The most remarkable line from the news conference Pope Francis gave on Monday was this one: “Who am I to judge?”
You are, Pope Francis, the man who drew an estimated three million people to a Rio de Janeiro beach on Sunday. The man whom the Roman Catholic Church gives “full, supreme, and universal power over the whole Church, a power which he can always exercise unhindered.” You are the leader of the Catholic Church, the successor of Saint Peter, the head of the Vatican. If anyone is in a position to judge–rightly or wrongly–it might be you.
But the Pope’s comment about not judging gay clergymen may just be the best example yet of the humble leadership style that has captivated millions. “If someone is gay and he searches for the Lord and has good will, who am I to judge?” Francis said in response to a question from a reporter. “We shouldn’t marginalize people for this. They must be integrated into society.”
In the less than six months since Pope Francis was elected leader of the world’s 1.2 billion Catholics, he has repeatedly made symbolic gestures of humility. He has washed the feet of a Muslim woman. He has shunned the papal apartments, paid his own hotel bill and invited homeless people to dinner at the Vatican. He has dressed simply, refused to sit on an elevated platform after being elected, and chosen the name Francis, an homage to the saint most known for his devotion to the poor. On this most recent trip to Brazil, he toted his own carry-on, opted against the popemobile and visited some of Brazil’s poorest and most dangerous slums.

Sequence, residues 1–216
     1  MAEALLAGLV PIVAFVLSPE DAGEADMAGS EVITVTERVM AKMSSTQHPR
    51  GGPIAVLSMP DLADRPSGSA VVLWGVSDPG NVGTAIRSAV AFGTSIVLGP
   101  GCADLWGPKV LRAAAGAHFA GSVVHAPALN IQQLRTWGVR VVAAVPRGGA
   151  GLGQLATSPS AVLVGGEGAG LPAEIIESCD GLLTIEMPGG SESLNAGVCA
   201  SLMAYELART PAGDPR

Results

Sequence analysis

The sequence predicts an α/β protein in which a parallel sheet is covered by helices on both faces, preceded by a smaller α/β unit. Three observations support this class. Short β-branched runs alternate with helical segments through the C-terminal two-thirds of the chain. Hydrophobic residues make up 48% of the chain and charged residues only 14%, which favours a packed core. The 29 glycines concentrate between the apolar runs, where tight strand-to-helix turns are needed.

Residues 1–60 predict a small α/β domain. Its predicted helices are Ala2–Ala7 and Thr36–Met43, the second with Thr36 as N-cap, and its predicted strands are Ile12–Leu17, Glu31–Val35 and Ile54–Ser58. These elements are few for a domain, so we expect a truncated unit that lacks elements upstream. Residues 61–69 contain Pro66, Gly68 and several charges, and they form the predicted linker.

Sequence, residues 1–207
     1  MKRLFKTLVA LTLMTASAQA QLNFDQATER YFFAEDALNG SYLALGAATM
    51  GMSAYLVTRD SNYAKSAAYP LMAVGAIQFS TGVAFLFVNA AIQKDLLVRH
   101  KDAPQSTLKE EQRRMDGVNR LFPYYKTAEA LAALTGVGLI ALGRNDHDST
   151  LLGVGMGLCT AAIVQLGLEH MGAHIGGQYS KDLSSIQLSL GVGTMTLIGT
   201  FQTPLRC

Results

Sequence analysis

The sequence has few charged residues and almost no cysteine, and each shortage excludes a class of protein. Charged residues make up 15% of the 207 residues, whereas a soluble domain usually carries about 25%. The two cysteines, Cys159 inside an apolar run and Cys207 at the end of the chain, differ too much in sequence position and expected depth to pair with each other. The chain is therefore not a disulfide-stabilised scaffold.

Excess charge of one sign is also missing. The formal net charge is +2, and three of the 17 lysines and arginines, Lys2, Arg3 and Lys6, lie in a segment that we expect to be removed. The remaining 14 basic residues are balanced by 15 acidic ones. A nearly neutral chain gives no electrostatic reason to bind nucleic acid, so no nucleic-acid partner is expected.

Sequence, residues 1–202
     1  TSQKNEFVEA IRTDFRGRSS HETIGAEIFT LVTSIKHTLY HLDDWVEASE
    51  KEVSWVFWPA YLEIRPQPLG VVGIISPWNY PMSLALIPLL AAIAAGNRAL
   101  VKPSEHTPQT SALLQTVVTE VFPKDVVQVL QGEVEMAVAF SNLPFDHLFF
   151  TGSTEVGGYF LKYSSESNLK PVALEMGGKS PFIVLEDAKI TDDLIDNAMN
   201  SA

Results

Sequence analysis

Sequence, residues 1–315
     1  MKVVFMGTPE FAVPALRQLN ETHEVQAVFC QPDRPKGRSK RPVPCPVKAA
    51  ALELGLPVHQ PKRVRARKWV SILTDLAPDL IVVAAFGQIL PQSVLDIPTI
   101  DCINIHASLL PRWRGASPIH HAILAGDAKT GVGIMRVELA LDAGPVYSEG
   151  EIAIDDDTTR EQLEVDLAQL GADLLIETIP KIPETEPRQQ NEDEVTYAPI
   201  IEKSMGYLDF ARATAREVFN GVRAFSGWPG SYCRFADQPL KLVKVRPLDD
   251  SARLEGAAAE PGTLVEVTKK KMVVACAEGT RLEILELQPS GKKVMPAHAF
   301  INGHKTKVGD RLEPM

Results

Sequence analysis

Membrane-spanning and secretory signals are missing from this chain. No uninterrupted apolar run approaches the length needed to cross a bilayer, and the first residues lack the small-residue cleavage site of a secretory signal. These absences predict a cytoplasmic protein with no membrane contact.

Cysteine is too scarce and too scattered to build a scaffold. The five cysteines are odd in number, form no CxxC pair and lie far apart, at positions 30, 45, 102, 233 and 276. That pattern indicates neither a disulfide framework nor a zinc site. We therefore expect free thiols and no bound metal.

But in asking the question “who am I to judge?”, the Pope sends perhaps the strongest signal so far that his humble approach to the papacy is not just about a disciplined man trying to send a message with his simple way of life. He truly does not seem to see himself as having more of a right than others to pass judgment. He does not see leadership as being about mandating decrees or beliefs, but as being about modeling behavior and accepting others.
Usually, actions speak louder than words. And the Pope’s many acts of humility have certainly declared that he intends to reform the church into a simpler institution that is more attuned to the needs of the world’s poor. Still, those five words–”who am I to judge?”–display not only a humble leadership style but a prioritization of dignity, faith and forgiveness over traditional dogma. As Michael Gerson wrote in a Post op-ed recently, “his symbolism has begun seeping into substance.” His recent question proves that to be true.
Jena McGregor is a columnist for On Leadership.